Long- and short-term solution
Amid the recent spate of ship abductions, the International Seafarers’ Action Center (ISAC) Philippines Foundation, Inc., a non-government organization which promotes the rights and welfare of Filipino seamen, issued a statement urging for long and short-term solutions to the kidnapping problem in the Gulf of Aden.
“While it is impossible for ships not to pass the Gulf of Aden, since it is one of the most important waterways in the world, what can be avoided is the illegal dumping of toxic wastes and the degradation of marine coastal resources that has affected the coastal communities and Somali fisherfolks, which provoke ship attacks,” said maritime labor lawyer and ISAC secretary-general Joseph T. Entero.
“However, these decades-long issues cannot be resolved by military action alone. The heroic Rambo attack made by US Naval Forces just to rescue one American captain, Captain Richard Phillips, only aggravates the already volatile situation. We at ISAC call on the United Nations and influential states to step in to provide diplomatic and development solutions to the crisis besetting Somalia, which is necessary,” Entero added.
He also said that it is only through addressing the economic and environmental problems in the Gulf of Aden that peace could be realized in the area.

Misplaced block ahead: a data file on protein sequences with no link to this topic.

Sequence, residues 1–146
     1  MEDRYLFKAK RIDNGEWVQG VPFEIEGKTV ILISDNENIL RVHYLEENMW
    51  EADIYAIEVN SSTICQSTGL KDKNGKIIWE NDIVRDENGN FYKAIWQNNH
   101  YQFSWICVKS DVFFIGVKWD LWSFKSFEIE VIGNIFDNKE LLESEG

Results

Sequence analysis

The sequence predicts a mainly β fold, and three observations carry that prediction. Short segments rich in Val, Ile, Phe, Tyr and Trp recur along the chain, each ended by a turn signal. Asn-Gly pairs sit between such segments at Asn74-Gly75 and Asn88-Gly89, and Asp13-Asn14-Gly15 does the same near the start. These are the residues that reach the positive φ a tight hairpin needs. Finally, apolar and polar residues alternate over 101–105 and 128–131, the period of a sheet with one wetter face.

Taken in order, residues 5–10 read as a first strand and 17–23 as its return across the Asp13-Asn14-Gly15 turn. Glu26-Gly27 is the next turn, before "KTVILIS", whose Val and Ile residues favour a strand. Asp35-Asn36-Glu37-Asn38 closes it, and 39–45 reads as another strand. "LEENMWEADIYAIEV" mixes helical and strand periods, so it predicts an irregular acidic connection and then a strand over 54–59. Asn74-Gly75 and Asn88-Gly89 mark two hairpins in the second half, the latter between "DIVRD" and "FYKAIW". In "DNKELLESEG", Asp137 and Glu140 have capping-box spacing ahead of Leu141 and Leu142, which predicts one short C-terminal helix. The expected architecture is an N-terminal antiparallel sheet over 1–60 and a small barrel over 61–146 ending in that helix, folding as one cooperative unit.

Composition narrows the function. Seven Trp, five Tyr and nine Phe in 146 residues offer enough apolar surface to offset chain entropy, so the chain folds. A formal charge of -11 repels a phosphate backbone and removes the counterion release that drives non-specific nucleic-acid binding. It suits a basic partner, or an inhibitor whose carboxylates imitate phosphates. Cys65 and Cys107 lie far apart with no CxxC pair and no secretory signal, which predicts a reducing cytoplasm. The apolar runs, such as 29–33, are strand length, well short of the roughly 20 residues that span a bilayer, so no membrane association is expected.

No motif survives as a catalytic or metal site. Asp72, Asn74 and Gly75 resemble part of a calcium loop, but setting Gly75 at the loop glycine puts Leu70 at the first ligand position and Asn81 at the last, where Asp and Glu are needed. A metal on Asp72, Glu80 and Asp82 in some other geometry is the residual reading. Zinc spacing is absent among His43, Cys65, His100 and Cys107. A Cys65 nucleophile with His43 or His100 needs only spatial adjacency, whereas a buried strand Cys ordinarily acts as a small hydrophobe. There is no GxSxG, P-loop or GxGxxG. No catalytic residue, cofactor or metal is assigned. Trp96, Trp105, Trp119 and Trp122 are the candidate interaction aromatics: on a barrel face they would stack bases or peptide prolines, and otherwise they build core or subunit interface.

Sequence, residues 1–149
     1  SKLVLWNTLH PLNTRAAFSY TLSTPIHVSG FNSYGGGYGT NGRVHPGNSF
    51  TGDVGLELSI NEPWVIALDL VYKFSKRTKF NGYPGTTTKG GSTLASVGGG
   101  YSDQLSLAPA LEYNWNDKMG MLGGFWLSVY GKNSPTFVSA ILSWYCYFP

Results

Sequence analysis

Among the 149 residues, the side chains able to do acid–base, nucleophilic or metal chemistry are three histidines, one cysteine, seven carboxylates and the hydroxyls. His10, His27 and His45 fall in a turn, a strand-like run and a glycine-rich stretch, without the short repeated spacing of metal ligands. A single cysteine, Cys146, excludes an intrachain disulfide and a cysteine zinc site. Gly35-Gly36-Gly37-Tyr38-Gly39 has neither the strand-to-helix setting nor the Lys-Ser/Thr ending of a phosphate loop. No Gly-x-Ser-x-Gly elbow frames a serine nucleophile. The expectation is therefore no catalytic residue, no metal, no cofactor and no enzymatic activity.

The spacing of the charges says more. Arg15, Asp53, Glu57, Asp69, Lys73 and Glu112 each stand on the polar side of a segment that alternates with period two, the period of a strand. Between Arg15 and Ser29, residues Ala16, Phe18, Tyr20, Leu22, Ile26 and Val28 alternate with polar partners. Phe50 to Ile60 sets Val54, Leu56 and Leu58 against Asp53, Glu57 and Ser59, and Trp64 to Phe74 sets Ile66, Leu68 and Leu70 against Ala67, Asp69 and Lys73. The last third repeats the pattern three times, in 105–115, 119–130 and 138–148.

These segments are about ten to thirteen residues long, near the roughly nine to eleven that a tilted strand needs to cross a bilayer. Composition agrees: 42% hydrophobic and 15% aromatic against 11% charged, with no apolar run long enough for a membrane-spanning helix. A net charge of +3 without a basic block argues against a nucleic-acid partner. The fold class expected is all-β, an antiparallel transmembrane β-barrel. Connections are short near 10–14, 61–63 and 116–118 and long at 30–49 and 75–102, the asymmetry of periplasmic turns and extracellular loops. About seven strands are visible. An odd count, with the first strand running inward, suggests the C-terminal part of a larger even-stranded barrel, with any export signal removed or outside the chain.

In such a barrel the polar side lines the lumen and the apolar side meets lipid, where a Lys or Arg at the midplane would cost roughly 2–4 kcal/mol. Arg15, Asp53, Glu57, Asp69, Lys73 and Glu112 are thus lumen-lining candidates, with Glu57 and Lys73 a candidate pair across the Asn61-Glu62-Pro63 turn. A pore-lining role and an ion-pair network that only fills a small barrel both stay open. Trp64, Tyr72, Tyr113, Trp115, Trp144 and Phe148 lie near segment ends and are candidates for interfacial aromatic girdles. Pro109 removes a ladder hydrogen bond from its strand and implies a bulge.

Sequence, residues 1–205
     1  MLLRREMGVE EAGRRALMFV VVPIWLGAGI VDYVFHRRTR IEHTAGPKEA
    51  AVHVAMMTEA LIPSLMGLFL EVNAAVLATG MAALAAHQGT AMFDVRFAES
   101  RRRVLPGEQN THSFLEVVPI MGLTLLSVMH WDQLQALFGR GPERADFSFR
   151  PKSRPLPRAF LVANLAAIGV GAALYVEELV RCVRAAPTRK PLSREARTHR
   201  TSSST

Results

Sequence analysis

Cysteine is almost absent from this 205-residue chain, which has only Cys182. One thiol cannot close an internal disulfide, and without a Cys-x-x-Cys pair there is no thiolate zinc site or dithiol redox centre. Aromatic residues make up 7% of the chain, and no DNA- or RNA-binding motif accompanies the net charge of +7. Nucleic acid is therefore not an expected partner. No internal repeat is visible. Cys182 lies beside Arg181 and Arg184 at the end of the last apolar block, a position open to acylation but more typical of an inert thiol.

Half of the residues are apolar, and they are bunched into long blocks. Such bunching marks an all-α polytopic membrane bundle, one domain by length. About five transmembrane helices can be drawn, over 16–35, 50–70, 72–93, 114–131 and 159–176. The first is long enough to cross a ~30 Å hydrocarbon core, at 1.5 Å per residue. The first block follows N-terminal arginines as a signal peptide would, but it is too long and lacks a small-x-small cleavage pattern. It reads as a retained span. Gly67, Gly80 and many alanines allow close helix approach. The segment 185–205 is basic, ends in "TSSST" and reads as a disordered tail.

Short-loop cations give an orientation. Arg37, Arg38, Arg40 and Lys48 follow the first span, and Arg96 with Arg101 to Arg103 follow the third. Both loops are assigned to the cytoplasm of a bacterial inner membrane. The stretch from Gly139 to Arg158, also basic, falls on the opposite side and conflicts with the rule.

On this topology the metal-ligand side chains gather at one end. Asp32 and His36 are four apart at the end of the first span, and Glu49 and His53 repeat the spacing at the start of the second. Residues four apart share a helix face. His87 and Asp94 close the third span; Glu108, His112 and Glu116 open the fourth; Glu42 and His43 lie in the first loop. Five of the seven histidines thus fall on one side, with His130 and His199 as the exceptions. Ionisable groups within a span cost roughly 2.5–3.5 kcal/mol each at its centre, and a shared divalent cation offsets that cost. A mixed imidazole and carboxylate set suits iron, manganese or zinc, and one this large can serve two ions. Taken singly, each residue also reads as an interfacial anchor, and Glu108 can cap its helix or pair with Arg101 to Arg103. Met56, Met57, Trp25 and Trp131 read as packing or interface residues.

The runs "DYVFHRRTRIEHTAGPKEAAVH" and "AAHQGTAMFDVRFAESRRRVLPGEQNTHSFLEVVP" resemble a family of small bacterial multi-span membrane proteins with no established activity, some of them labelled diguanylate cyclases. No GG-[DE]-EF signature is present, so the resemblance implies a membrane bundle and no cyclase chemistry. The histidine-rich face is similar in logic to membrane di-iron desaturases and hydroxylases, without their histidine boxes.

The Gulf of Aden
The Gulf of Aden is situated in the Arabian Sea between Yemen on the south coast of the Arabian Peninsula and Somalia in the Horn of Africa. It connects with the Red Sea through the Bab-el-Mandeb strait, about 20 miles or 32.186 kilometers, in the northwest.
Throughout history, the said part of the world’s ocean has played a very important role in international trade and commerce.
The city of Crater, located just east of the modern city of Aden, was an important port in regional trade. Crater was the principal harbor of the pre-Islamic kingdom of Awsan, and after its annexation by the kingdom of Saba at the end of the 5th century, the port of Crater played a significant role in connecting Africa with Arabia.
Being a vital waterway for shipping, especially for Persian Gulf oil, it has become an integral waterway in the world economy. The main ports along the gulf are Aden in Yemen, and Zeila, Berbera, and Bosaso in Somalia, which are considered trade centers in the Horn of Africa.
It is said that about 11 percent of the world’s seaborne petroleum passes through the Gulf of Aden on its way to the Suez Canal or to regional refineries.(Bulatlat.com)